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Thread: TPG: Week 48 - Chris Lewis

  1. CalvinCamp Guest

    TPG: Week 48 - Chris Lewis

    I hope no one minds that I'm posting this a little early, but tomorrow is looking like it's going to be a little hectic. And rather than have it post really late in the day... here it is on Wednesday.

    Chris Lewis is up this week. Let's see how he does.

    PAGE FOUR (six panels)

    Starting off on page four, without knowing what came before, is a little different, but I’ll roll with it. Just keep in mind that some comments about things like describing characters and providing names may be rendered meaningless if you’ve already provided them earlier. So, with that in mind, onward we go.

    Panel 1. CU on Jacy. She’s somewhat of a sorority girl in her early 20’s, wearing the latest fashions. She also has a map. The maps are going to need some design work, but I picture them as some kind of electrical tattooing around the eyes. Hers is flaring, signifying that she is projecting something. The maps function as a means of accessing the world of the Trade. This is a shared, Internet-like system with which the majority of people view reality. The maps also allow users to project images into the physical world. Jacy is gushing over whatever it is she’s projecting. The room they are in is completely unadorned.

    This is the future, apparently, so what is the “latest fashion” going to look like? That is something you can sort out with the artist outside the script, of course (along with more detailed character descriptions), but make sure you do discuss it with him (or her).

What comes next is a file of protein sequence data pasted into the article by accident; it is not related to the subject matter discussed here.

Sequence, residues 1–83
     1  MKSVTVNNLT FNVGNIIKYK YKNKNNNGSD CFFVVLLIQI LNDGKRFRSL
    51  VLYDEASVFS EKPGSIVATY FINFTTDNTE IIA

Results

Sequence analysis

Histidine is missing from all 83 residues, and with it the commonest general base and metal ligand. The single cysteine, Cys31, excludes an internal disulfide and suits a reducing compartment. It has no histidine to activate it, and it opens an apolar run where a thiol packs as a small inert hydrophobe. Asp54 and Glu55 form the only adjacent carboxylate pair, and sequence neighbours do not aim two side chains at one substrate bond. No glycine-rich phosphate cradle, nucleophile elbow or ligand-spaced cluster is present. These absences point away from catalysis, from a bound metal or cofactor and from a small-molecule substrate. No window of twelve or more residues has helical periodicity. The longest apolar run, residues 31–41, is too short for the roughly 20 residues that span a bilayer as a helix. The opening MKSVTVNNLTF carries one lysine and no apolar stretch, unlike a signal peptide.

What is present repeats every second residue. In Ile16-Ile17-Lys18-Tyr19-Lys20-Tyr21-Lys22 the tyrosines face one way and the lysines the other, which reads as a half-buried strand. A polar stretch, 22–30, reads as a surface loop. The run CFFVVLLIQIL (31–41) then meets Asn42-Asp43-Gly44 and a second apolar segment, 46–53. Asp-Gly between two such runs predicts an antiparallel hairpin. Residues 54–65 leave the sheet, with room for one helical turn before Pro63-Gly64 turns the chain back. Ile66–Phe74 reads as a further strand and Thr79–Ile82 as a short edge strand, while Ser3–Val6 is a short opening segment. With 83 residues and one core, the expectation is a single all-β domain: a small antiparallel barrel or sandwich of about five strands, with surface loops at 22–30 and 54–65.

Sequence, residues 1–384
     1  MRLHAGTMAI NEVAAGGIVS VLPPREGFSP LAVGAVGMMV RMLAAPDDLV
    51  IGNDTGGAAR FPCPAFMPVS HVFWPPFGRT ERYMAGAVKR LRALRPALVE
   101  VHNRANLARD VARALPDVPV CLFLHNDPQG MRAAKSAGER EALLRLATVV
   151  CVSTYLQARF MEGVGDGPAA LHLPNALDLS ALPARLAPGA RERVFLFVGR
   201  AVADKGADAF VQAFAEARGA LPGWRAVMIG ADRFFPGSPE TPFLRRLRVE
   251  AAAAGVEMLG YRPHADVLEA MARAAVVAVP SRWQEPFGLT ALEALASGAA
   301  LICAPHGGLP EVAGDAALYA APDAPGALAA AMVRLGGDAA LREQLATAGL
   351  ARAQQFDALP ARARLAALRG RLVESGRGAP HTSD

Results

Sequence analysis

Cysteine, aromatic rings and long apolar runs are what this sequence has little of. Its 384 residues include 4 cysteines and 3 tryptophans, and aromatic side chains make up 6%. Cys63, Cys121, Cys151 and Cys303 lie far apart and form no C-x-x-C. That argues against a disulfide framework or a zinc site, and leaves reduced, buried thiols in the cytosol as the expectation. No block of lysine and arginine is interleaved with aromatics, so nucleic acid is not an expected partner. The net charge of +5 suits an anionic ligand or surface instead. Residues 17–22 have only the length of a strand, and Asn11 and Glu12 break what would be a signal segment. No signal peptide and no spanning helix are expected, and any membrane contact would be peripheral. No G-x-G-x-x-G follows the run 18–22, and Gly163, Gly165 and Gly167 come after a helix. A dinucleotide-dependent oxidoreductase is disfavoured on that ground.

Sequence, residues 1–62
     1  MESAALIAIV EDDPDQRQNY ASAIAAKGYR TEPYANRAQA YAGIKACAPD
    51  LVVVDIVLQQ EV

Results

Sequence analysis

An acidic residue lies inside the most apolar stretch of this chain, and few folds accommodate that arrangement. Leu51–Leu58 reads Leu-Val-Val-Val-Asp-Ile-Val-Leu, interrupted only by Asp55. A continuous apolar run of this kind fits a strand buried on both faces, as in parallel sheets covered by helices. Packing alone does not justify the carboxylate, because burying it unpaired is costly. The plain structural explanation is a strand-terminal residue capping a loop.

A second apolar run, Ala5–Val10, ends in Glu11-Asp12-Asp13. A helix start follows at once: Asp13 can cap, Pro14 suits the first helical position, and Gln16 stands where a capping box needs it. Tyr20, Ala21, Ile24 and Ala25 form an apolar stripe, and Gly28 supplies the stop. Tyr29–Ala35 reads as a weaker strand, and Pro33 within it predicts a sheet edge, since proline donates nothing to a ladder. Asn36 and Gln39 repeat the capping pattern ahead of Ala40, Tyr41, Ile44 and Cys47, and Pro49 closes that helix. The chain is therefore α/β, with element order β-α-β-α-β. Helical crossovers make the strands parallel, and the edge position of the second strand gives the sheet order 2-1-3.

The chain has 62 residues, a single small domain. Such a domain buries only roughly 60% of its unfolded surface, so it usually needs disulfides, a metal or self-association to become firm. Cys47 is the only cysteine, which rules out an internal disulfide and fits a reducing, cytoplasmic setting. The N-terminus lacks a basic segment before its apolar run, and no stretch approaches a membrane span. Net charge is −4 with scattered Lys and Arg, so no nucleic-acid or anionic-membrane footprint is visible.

Same thing with the room - It’s unadorned. That’s fine. But what does an unadorned room look like in this setting? (This is, of course, assuming we can see the room at all in a close-up. But the room will surely show up soon as you pull the camera back, so you might as well address it up front since you’ll have to do it by panel 2 anyway)

    Quiz: Which Trade-ware are you?

    Panel 2. Pull back and we see that the 3D projection coming from Jacy’s map is a slightly built woman cartoon image facing us. Her name is Baby Dumpling. She’s got a 30’s sense of style that is constantly changing, but I also picture her inhabiting many different art nouveau graphic styles. Her hand is outstretched and her finger is pointing right at us.

    How will the reader know that the projection is connected to the “electrical tattoo?” I think you’re going to need some sort of visual clue – maybe some electrical “flaring” similar to what is happening at the girl’s eyes, or something connecting the tattoo and the projection. The 3D projection, itself, is something else you’ll have to work out with your artist, to make sure the projections look different than the “real” people. The virtual reality thing is fun, but it may be tricky to pull of well (which, in no way, means you shouldn’t try).

    What do you mean by, “a 30’s sense of style that is constantly changing?” It can’t be changing in this panel. Do you want her clothing to change from panel to panel? Do you want the way she’s drawn to change from panel to panel?

    What is Jacy doing at this point in time? Where is she? Is she standing? Sitting on a sofa? Acting out Baby Dumpling’s moves, as a remote control sort of thing? And where is the projection in relation to Jacy?

    Result: Baby Dumpling

    What are these captions supposed to be telling me?

    I knew it! Look, she’s showing off the new Underground Collection. Doesn’t Baby look great, (comma) Hal?

    Panel 3. Now we see all we’ve got as a hero. Hal’s in his mid 20’s, tall, skinny. He’s somewhat of a punk and a rebel. He doesn’t look like he belongs with this girl. His dress, knowing smirk, somewhat punkish attitude make him seem out of place and he’s aware of this. Hal doesn’t have a map and therefore belongs to the class of people known as the Grays. These people cannot access the Trade, and can only see map projections as 2D, cartoonish icons. Knowing that he belongs to the gray class gives Hal a self-conscious snarky attitude. Hal has a little black diary with him.